Iraq, The Vote: 'There's Going to Be a Bloodbath'


J$P Instant Transcript! Steve Harrigan on Fox & Friends. Updated!


From Fox & Friends, January 28 2005:

STEVE HARRIGAN [FOX NEWS]: I think the biggest thing that we're missing is the fact that there's ordinary Iraqi people. There's guys with families, schoolteachers, factory workers, normal people with wives, husbands, kids, who are scared, and who want the Americans to stay there, take care of them, make sure this goes off. And for the bombs to stop exploding on our seat. We see the knuckle heads dancing around the burned out Humvee, or we see the guys in masks about to cut somebody's throat. But most of the 25,000,000 people over there are not a whole lot different from me and you. We don't tell that story.

MIKE JERRICK [FOX NEWS]: Most. What do you think's going to happen Sunday?

HARRIGAN: I think there's going to be a bloodbath on Sunday.

BRIAN KILMEADE [FOX NEWS]: Where?

HARRIGAN: All over the place, especially in Baghdad and a few other cities--Mosul. I mean, what would you do if you had to walk down the street to vote in a school, and everyone sent out notes saying we're going to blow you up. If we see ink on your finger we're going to kill you, we're going to kill your family. We're asking a lot of the Iraqi people to go out there and vote. They're putting their lives on the line to go out and vote.

KILMEADE: In how many cities?

HARRIGAN: You're going to play that game of we've got 10 provinces safe and 4 provinces there's dangers. About half the country's in big trouble, half the country's all right. All the desert provinces, where nobody lives, they're in great shape.

KILMEADE: Right, OK.

E.D. HILL [FOX NEWS]: Well that's interesting, because I don't think that we do quite fully appreciate, we talk about it, but it's very hard to put yourself in that position where you get a note on your doorstep saying, if you go out and vote we will come back and we will kill you and your family. And so we are asking a lot. But at the same time, we believe, or we're being led to believe, that they can see that this is necessary. It's a necessary risk in the growth of their own nation for democracy. Do they see it that way?

HARRIGAN: I think it comes down to each individual. Are you ready to do that? Are you ready to stand up? No one likes to get pushed around. They don't like US soldiers there, and they don't like to be pushed around by terrorists either, telling them what to do or not to vote or sticking up signs. But for a woman with kids to go out there and vote this weekend, it's going to be a real inner choice. I don't know what's going to happen. I've been there two years; I don't know what they're going to do. I hear 80% are going to vote. I think that's nonsense. Where do these polls come from? You can't go walk around the streets. How do you take an accurate poll? Nobody's got phones, you know. Don't believe nonsense on either side.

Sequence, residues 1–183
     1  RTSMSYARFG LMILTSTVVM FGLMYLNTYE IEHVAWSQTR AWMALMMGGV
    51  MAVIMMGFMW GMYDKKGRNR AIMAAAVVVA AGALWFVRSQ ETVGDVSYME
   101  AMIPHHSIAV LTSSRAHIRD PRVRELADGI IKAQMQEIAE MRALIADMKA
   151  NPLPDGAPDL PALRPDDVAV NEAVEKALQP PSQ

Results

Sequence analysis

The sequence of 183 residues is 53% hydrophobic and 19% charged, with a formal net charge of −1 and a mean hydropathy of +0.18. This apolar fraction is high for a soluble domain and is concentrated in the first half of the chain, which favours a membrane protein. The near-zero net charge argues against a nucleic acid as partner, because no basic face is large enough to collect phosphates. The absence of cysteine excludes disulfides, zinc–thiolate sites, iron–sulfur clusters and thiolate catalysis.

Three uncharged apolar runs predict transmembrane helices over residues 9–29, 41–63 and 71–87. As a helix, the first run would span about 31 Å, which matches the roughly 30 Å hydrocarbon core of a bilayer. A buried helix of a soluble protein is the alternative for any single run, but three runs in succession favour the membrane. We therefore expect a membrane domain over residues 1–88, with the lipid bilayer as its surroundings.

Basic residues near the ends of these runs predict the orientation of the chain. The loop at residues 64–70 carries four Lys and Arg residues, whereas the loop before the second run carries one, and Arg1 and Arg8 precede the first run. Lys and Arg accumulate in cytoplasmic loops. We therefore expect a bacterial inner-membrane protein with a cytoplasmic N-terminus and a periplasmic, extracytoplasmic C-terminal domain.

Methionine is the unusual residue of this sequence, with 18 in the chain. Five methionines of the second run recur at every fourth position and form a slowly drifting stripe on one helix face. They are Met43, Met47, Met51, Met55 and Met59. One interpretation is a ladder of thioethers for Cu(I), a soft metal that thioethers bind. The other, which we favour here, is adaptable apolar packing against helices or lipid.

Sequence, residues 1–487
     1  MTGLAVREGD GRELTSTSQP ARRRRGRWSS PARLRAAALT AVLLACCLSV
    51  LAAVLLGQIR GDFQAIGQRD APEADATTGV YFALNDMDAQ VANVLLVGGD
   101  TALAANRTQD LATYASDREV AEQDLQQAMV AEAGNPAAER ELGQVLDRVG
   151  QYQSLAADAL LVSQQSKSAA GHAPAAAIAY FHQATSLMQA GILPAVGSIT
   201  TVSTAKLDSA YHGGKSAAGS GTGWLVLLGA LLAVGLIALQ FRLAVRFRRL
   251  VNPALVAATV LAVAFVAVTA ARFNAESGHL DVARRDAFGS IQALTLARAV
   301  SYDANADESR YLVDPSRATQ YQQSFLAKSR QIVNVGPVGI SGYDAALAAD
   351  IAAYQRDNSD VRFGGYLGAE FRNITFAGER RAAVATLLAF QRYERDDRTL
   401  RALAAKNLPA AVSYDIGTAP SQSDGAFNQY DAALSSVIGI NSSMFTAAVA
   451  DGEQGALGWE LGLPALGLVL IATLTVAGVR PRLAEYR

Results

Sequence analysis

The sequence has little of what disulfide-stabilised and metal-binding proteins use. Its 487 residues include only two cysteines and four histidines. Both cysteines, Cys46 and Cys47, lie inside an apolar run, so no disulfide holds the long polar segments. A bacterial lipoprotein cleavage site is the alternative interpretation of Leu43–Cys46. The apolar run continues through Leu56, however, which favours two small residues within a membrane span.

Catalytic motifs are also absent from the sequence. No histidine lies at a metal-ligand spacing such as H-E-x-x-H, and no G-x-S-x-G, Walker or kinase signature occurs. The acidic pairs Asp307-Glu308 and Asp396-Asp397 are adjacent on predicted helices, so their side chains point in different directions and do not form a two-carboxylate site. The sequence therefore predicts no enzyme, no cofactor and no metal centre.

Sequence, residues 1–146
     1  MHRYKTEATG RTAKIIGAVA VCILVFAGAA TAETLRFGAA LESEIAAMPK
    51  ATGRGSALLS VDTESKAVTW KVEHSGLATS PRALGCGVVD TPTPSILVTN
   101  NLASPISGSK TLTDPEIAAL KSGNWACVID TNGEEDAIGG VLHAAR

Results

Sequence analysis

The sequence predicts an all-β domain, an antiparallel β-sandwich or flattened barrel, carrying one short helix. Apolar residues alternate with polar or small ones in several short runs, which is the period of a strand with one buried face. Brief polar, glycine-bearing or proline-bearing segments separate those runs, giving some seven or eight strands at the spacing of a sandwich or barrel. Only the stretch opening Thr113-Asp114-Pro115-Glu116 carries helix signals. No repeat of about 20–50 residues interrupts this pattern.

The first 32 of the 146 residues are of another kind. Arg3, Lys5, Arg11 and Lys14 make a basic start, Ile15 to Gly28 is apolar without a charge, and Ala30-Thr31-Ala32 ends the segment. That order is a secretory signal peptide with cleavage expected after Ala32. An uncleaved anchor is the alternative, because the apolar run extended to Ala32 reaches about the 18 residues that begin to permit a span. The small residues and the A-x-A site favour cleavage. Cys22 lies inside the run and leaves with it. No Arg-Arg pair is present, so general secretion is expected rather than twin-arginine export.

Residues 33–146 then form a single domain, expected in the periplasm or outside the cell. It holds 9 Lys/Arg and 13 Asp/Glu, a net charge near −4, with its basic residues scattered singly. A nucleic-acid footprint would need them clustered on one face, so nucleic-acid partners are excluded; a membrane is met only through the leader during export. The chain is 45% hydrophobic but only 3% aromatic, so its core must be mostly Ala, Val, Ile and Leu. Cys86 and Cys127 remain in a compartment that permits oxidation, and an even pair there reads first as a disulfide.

KILMEADE: Why do you think the Shia have taken a vow not to react militarily when they're hit in major Shia cities?

HARRIGAN: They're showing tremendous patience and discipline. They're going to come out and vote in Basra and other cities big time, and their slate is going to win.

KILMEADE: And do you think that will empower their army and motivate their future leaders in the military, if in all they feel, that government, I elected that government.

HARRIGAN: You know, you're leading me along like an attorney. You're trying to get an optimistic statement about things. Just go ahead and make your point.

KILMEADE: I just said, I'm asking you a question.

HARRIGAN: It's going to be dangerous, even if they did win.

KILMEADE: They're not going to walk away forever. They're not going to turn the other cheek forever.

HARRIGAN: Right.

KILMEADE: So when they stop turning the other cheek, will that make things better?

HARRIGAN: I think the real question is, can you go from being pressed down by a killer dictator for 30 years to democracy in a year? I don't think you can. I think it might take a generation. I think there's going to be a civil war between Sunnis and Shiites. I think the only thing that holds that place together is Islam. We're going to see a radical, hardline Islamist come to power over there. But I've been wrong about everything since I've been back, so take that with a grain of salt....

Update: Steve Harrigan has second thoughts.

posted: Sat - January 29, 2005 at 01:42 PM       j$p  send 
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